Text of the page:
By Tulis McCall
I have no idea. None. How did this happen?
Here is China Doll in a nutshell. Rich man Mickey (Al Pacino) has been separated from his gal Frankie who is installed in a hotel in Toronto. She was flown there on Mickey’s as yet not fully purchased Swiss private jet that touched down in the States because of a warning light thingy. When it did, somebody changed the tail number to an American registration. In doing so it became liable for taxes to the tune of 5 mill (this being a 60 million dollar plane) and when it finally landed in Canada, the plane was more or less impounded, the pilot MIA and the gal – Frankie – holed up in a hotel. In the course of two very long hours Mickey has to unravel this mess with the assistance of his nearly silent assistant Carson (Christopher Denham), who it turns out is doing more than listening.
And the $64,000 question is – wait for it – Who cares? Not I, said the little red hen.
Listen – an audience can care about ANYTHING when there is passion behind the story. Needlework, cleaning horse stalls, and even watching paint dry. Just light the match of passion and we are hooked. Which is why we are so disconnected from the goings on in this production. First of all, David Mamet’s script is nearly lifeless. He even goes so far as to commit the cardinal sin of having Mickey talk on the phone (using an ear bud so that he looks more like a street person that a tycoon) and repeat everything he is hearing so that the audience will get the gist. Seriously? To be honest I have never been a big fan of Mamet’s plays. I refer to him as the gatling gun of writers. His characters spew words like they were bullets. China Doll as given me an inkling into my dislike. Once the dialogue slows down the story falls apart. Mamet’s connective tissue appears to rely on speed alone. Say something fast enough and no one will notice that it doesn’t make sense.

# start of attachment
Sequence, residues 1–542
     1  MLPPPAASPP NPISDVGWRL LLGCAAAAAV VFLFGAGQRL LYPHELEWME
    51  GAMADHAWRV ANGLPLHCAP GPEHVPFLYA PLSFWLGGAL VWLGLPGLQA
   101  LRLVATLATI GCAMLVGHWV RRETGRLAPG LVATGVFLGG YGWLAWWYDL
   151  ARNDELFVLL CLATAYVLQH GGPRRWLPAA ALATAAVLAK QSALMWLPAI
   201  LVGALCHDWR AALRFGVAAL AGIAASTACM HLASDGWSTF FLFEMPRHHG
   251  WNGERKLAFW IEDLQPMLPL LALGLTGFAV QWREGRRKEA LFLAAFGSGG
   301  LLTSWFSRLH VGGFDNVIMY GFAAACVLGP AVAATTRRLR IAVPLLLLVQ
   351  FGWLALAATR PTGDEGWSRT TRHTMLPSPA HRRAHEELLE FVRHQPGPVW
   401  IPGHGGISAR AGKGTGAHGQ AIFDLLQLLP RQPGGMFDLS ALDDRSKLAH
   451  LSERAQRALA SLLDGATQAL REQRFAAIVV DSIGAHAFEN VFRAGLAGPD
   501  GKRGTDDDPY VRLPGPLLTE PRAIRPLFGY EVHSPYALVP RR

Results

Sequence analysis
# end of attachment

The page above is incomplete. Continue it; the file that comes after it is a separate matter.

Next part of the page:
In China Doll there is no speed. There is no pace, no style, no rhythm. Whether Mr. Pacino did not know his lines I cannot say, although there were a few obvious stumbles. But in general his approach appears to suggest Mickey is thinking. When there is so little to think about, however, this becomes a problem. This is a man-boy who has lost his toys and he wants everything back the way it was. Of course there is a problem with the money owed, and then there are some laws that he may have broken, and his gal could be in legal trouble too. But ho-hum. Mickey has First World problems.
At the center of this tale is a temper tantrum on very, very slow burn. Somebody is overdue for a time out and a nap. And maybe a real problem or two into which we can sink our teeth.
China Doll By David Mamet; directed by Pam MacKinnon
WITH: Al Pacino (Mickey Ross) and Christopher Denham (Carson).
Sets by Derek McLane; costumes by Jess Goldstein; lighting by Russell H. Champa; production stage manager, Matthew Farrell; fight director, Thomas Schall; technical supervisor, Hudson Theatrical Associates; associate producers, James Forbes Sheehan and Deborah Taylor; company manager, Bruce Klinger; general manager, Richards/Climan, Inc. Presented by Jeffrey Richards, Jerry Frankel, Jam Theatricals, Caiola Productions, Dominion Pictures, Gutterman and Winkler, Barbara Freitag and Company/Catherine Schreiber and Company, Patty Baker, Ronald Frankel, Rebecca Gold, Greenleaf Productions, Meg Herman, Kathleen K. Johnson, Larry Magid, Gabrielle Palitz, R&D Theatricals, Jamie DeRoy, Stewart F. Lane and Bonnie Comley, Jessica Genick and Will Trice. Through January 31 at Gerald Schoenfeld Theater, 236 West 45th Street, 212-239-6200, chinadollbroadway.com. Running time: 2 hours.